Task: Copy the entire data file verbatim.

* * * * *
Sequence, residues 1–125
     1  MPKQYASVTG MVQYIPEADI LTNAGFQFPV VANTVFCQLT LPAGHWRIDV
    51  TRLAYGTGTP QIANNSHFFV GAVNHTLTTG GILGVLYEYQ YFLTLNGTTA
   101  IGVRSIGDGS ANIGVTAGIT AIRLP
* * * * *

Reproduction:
Sequence, residues 1–125
     1  MPKQYASVTG MVQYIPEADI LTNAGFQFPV VANTVFCQLT LPAGHWRIDV
    51  TRLAYGTGTP QIANNSHFFV GAVNHTLTTG GILGVLYEYQ YFLTLNGTTA
   101  IGVRSIGDGS ANIGVTAGIT AIRLP